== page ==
Watch Jon Voight be inappropriate on cable

Spencer Doar

Everybody in the TV world seems pretty caught up with Netflix’s new original series, “Orange is the New Black,” but Showtime’s “Ray Donovan” is my new summer guilty pleasure.  It’s a much more serious and stereotypical show—even though “Orange is the New Black” chronicles a woman’s stint in prison and the related back-stories of the people she meets. 

“Ray Donovan” revolves around the titular character (Liev Schrieber); he’s an expert at doing the dirty work of the stars, running a successful operation in Hollywood.  Despite his career success, his family is an utter mess.  His father (played chillingly by a very, very creepy Jon Voight) just finished a 20-year stint in the joint and wishes to reunite with his family.  Donovan’s one brother, Bunchy, has drug problems that are fed by Voight’s character (they actually do blow together), as well as a history of sexual abuse by a priest.  His other brother has complications due to Parkinson's, generally hates himself and runs a dingy gym.  Donovan’s wife can’t quite figure out whether he’s worth it.  He just found out he has a half-brother.  Oh, and they're Boston transplants so we get a lot of that accent.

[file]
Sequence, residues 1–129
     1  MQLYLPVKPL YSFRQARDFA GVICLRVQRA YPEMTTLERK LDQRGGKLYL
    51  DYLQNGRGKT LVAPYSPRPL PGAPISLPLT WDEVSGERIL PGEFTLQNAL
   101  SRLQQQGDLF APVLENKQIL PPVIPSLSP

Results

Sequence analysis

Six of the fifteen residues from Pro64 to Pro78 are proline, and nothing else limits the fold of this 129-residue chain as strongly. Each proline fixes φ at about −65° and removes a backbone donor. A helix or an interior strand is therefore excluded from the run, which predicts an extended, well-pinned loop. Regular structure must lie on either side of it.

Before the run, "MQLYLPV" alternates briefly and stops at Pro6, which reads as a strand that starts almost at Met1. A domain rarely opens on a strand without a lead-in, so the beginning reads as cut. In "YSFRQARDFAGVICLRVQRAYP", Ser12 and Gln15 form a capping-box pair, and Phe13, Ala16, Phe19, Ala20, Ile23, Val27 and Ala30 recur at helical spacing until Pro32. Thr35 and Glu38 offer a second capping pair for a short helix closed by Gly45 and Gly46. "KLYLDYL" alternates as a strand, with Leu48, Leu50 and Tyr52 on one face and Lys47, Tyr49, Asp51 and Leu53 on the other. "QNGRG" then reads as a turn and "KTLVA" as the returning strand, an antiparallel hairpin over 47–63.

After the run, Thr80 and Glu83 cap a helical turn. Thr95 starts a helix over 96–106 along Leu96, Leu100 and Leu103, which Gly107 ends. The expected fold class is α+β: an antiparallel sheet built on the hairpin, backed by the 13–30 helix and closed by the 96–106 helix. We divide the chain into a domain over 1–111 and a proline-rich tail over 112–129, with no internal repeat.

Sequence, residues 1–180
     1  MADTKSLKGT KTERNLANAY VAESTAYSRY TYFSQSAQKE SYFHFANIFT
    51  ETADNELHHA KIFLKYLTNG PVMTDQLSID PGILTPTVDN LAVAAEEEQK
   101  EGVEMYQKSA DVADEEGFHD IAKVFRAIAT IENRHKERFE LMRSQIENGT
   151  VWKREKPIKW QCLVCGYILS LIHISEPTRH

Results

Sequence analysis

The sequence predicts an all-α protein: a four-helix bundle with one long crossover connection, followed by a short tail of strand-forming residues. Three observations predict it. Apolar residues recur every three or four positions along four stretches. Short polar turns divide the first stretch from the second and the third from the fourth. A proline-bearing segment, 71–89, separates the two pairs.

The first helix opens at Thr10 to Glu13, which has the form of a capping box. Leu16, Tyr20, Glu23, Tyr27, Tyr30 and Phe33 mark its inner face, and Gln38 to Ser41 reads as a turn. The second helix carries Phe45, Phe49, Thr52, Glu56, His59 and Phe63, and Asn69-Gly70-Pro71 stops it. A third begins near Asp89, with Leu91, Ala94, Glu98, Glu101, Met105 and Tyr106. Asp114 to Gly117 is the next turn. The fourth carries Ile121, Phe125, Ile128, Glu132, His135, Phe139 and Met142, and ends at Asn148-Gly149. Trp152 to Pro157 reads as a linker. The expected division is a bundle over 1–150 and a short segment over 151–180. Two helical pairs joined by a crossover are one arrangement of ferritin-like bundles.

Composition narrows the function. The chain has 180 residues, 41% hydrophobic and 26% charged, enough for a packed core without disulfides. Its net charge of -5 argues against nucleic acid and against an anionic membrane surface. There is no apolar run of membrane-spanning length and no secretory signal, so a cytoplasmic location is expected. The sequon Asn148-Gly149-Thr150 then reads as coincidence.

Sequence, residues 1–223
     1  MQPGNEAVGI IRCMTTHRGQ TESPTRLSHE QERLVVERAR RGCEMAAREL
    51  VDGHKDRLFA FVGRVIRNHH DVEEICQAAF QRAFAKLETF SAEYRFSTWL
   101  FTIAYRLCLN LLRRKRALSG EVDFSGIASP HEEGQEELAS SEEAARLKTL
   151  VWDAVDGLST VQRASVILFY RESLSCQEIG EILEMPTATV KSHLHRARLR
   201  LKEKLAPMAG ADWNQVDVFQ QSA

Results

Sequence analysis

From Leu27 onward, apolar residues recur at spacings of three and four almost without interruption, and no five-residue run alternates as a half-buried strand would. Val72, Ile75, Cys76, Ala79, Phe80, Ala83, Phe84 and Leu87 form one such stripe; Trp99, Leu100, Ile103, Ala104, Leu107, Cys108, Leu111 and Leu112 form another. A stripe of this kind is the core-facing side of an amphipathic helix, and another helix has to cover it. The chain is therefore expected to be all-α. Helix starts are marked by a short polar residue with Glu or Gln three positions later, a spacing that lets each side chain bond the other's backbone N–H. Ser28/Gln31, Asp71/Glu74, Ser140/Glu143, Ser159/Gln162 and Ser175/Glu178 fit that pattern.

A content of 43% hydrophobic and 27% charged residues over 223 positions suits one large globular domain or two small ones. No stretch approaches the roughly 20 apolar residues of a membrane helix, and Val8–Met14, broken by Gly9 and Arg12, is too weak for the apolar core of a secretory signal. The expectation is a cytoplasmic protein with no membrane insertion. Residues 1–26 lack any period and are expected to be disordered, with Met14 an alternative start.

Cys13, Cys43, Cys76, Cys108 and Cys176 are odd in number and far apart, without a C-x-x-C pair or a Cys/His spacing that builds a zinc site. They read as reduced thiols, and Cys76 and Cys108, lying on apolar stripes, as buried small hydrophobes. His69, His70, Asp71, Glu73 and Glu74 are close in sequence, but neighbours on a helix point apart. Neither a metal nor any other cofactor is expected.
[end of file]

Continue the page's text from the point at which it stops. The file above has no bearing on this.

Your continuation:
It's an updated cookie-cutter throwback done well—violent and disturbing, with an antihero protagonist who runs a basically criminal enterprise for a law firm (enter Elliott Gould btw).  But it’s really easy to root for the always blunt and stone-faced Donovan, who slogs through a seemingly insurmountable tide of ever-developing problems and nonsense with the same determined demeanor of pulp novel flatfoot. 

Much like “Orange is the New Black,” “Ray Donovan” has a great lead character AND a stellar ensemble of supporting roles, though missing some of the creativity.  Showtime has already deemed it a worthy venture, renewing it for a second season yesterday after only three episodes.    

“Ray Donovan” airs Sundays on Showtime at 9 p.m. CST.  The season premiere is available for free. “Orange is the New Black” is available in full on Netflix.